Resource planning, or resource management, is the process of allocating and regulating project resources with the greatest degree of efficiency possible. Such resources include tangible items such as financial resources, supplies and equipment, and the labor and skills represented by human resources. As a sub-discipline of project management, resource planning is carried out with the objective of ensuring optimal utilization of all project resources.
Effective resource management does more than simply support a more efficient project process and increased profits. In the case of human resources, it builds employee trust and improves morale and motivation. Without effective resource planning, excessive strain is placed on the organization’s resource base while projects run over budget and beyond deadlines. An organized and strategic approach to resource planning will support your efforts to get the best out of your project resources. Here are five basic strategies that support improved resource planning.
Gather Information About the Project and Its Requirements
A common mistake is to go into the project planning process with incomplete information. Learn everything you can about the project and begin preliminary resource planning well before kick-off. Everything you can document before the launch date reduces time waste and stress during the project lifespan. Gather all available information on:
Project goals and success metrics
Relevant deadlines and milestones
Actionable learning from prior projects
Approvals that will be required throughout the project
Approaches used by key competitors
Identify the Resources
Running into resource limitations and scarcity mid-project is a sure formula for delay and possibly derailment of the project. The best way to avoid struggling for resources during a project is to be sure resources are identified and available before project kick-off.
Make a resource plan by identifying the types of people needed by skill set and/or project role. Calculate the percentage of FTE needed to fulfill each role. Match people to roles, being sure to consider whether a junior-level skillset will suffice or if someone with more experience is required. Remember, the primary objective is more efficient utilization. Historical information stored in a project management system is very useful here. Look at the resource role requirements of similar past projects in light of project results. Do the research in advance to setup for getting approval to utilize the resources.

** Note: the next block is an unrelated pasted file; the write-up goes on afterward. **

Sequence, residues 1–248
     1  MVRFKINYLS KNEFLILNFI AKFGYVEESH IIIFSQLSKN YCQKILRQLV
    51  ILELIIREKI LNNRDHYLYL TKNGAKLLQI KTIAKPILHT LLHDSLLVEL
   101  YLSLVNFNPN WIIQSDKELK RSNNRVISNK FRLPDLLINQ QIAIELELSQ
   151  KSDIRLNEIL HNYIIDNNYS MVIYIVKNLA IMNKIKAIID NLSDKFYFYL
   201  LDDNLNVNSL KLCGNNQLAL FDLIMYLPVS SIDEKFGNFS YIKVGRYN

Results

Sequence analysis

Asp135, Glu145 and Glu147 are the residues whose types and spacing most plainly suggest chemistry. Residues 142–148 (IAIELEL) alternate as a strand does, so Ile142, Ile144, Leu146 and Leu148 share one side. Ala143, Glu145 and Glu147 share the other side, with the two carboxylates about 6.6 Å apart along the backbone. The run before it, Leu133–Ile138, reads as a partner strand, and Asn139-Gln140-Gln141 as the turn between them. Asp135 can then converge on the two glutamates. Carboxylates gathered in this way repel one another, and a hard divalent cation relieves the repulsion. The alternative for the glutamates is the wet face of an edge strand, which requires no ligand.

Be Familiar with Time Requirements
It is not difficult to determine how much time is needed to complete repeatable tasks. On every project, you should be tracking both hours worked and duration to completion for each identified task. It is a common mistake to assume a task has fewer steps and takes less time than is actually the case. It is impossible to accurately forecast the resources required to do something if you don’t know how long it takes.
Get Buy-In for the Resource Plan
Do not rush toward project kickoff without securing full buy-in and approval to access the required resources. Before beginning to work on the project schedule, take the resource plan to the appropriate stakeholders to request approval. It is important to get buy-in and the authority needed to utilize resources at this stage because you will need help when developing the project schedule.
Begin Drafting the Project Schedule
If stakeholders lack a clear vision of the work involved in the proposed project, you run the risk of encountering objections at critical points. Once you have access to dedicated resources, call on their help as you begin building a work breakdown structure (WBS) or schedule that describes the work and sub-tasks involved in carrying out the project as a whole. Developing a WBS and getting it formally approved reduces the risk that administrative snags will delay the project.
Plan for the Unexpected
Mid-project expansions in scope, delayed receipt of deliverables, budget changes; these are just some of the common ad hocs and unknowns that threaten to derail project resource planning efforts. The correct response is to plan for the unexpected. Look at your team’s past project history and determine how much time is typically spent handling unplanned for items. Account for that number in your resource planning.